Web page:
ST: That was a really, really great feeling. This film has taken up five years of my life, and has had many struggles, so yeah, I felt really proud of what I had accomplished.
BB: What sort of struggles?
ST: Trying to get financed. Trying to get a cast like I did, when we weren’t paying any money—that was a nightmare. We were a day away from shutting the whole thing down, because we couldn’t find a cast. Nobody. Every single aspect of this film has been incredibly difficult. And I’m still dealing with it. As I said, there’s no release date yet. It’s like Francis Ford Coppola’s Apocalypse Now. He made that film, and it was like a fucking apocalypse. I’m making Battle in Seattle and it’s like a constant battle. It’s become the running joke. When I email people now about the film, the subject’s always “BATTLE.” It’s been an exercise in never taking no for an answer.
Film still from Battle in Seattle.
BB: Charlize Theron is in this movie. Is it easier or more difficult to jump into this directing thing with your girlfriend?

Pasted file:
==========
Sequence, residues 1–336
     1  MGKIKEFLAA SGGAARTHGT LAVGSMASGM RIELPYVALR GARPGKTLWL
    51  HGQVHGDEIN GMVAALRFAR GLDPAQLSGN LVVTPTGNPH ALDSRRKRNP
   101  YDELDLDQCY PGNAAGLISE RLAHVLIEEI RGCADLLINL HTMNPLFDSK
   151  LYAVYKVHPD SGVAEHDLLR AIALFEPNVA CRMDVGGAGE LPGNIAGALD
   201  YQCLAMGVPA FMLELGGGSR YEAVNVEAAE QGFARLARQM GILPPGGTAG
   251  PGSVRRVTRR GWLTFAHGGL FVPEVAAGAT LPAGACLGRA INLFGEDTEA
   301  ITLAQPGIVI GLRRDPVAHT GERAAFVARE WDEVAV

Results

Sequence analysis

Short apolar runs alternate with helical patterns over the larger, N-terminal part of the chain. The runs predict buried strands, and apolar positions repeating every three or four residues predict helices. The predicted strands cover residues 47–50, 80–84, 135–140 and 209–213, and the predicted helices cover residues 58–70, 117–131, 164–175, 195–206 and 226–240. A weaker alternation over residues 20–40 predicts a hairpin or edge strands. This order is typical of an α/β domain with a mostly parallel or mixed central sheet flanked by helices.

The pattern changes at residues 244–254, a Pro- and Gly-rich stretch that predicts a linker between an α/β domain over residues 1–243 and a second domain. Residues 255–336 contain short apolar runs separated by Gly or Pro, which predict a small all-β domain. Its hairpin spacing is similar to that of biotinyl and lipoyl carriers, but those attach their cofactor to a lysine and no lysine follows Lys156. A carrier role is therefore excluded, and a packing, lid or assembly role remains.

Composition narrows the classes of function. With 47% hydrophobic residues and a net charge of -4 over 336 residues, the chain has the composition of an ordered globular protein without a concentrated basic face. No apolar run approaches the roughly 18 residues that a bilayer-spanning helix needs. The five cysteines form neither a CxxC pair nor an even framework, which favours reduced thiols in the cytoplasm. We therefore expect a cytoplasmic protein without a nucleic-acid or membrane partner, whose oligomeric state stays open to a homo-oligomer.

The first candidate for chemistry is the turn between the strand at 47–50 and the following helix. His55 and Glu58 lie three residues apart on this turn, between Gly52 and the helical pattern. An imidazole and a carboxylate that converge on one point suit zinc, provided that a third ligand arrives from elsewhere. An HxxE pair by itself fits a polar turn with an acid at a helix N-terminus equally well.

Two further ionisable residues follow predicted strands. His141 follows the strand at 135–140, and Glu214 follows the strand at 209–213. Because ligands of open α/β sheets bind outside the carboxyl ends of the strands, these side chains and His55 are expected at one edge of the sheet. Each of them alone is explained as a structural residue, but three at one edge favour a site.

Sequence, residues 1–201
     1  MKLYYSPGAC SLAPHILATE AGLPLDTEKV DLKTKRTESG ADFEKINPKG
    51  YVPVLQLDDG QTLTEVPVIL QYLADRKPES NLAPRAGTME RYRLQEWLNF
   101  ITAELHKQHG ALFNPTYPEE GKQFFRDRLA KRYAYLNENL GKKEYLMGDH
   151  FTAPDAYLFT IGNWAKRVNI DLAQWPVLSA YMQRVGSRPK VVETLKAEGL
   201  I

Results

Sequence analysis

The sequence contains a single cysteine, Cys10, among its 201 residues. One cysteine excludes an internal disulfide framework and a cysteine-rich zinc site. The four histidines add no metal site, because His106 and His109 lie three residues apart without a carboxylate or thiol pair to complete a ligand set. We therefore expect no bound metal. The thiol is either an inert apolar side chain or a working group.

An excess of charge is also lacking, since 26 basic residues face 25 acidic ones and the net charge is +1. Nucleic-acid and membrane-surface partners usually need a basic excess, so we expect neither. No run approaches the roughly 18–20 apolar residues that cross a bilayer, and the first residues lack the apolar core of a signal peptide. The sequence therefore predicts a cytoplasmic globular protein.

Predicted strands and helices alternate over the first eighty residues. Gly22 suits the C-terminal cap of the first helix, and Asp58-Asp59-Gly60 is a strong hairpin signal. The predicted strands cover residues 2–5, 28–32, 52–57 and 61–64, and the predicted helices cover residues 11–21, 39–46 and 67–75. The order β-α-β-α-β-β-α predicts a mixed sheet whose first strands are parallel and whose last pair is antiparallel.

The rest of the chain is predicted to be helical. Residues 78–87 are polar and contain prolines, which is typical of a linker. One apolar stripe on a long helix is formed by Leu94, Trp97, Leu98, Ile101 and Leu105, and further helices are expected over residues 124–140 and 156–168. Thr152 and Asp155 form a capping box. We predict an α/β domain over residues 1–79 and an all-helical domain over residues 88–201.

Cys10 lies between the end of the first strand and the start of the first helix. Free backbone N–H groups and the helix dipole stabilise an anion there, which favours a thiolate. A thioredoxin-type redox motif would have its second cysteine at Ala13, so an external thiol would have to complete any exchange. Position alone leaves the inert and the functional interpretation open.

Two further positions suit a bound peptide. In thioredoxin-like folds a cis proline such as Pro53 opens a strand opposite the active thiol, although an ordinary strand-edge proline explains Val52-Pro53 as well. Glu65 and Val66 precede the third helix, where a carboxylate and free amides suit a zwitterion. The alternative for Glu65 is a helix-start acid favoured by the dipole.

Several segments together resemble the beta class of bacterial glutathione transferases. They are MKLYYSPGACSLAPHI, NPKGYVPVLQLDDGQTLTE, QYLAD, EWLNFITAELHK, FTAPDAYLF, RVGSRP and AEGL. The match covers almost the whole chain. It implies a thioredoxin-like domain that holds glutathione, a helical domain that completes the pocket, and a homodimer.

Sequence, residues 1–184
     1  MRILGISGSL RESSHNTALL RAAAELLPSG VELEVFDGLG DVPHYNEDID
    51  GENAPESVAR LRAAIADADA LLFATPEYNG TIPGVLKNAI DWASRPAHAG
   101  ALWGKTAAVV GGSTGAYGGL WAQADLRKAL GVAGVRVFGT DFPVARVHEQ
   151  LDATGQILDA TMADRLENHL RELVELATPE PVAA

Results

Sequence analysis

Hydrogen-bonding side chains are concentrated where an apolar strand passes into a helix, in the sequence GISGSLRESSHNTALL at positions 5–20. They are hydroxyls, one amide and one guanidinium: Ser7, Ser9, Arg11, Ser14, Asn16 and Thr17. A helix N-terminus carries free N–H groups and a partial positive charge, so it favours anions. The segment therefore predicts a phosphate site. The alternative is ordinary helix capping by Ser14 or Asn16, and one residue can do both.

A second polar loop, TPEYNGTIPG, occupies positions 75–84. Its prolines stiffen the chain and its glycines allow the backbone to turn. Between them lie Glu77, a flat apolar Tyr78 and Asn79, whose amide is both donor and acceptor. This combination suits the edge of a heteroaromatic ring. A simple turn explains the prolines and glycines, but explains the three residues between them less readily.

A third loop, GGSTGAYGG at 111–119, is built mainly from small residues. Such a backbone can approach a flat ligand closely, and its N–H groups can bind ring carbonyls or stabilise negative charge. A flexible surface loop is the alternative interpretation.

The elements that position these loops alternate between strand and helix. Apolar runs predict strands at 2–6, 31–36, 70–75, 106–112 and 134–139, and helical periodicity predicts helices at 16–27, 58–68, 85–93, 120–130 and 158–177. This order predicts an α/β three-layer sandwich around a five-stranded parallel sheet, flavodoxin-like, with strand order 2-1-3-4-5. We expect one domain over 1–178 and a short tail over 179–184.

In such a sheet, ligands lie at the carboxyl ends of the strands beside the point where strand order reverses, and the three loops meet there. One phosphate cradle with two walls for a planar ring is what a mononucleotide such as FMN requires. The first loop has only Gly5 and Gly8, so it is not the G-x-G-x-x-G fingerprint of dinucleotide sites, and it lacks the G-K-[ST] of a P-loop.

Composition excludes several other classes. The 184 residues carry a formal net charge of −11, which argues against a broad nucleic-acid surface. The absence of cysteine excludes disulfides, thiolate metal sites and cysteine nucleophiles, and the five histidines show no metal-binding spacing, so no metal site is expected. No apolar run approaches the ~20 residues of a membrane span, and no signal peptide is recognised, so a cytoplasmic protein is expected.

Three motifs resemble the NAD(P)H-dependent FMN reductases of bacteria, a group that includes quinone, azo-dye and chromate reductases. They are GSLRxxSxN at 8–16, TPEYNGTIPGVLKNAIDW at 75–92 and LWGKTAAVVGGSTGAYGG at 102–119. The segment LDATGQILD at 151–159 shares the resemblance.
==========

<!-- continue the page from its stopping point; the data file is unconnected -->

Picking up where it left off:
ST: She was actually only there for two days. But she’s such a sport, and very easygoing. People find it strange, because there’s one particular scene [in which Theron plays a pregnant woman who loses her baby after being clubbed in the stomach by a police officer], and it would be like “Action!” and she’d go full on into this primal scream…
BB: …and the snot.
ST: And that’s not movie snot, that’s real snot. She’d go full on into that, and then they’d go “Cut!” And she’d get up and start telling jokes. I remember my editor was there, and he was in shock: “How can she do that? That’s so weird! How can she go from crazy to telling jokes?”
BB: It must be strange to wear two hats simultaneously—boyfriend and boss.
ST: The good thing is I’m not afraid of actors. Actors are like this separate universe on a film set. We have the crew and me, and the producers, and we’re the grunters. Then these actors come in, and they’re the magic. There are definitely two different worlds.
BB: That one scene with Charlize is really pivotal to the film, because it’s at that moment, as an audience, that we’re positioned on one side of the WTO debate. Did you have preconceived notions of who was to blame for the riots when you started making the film?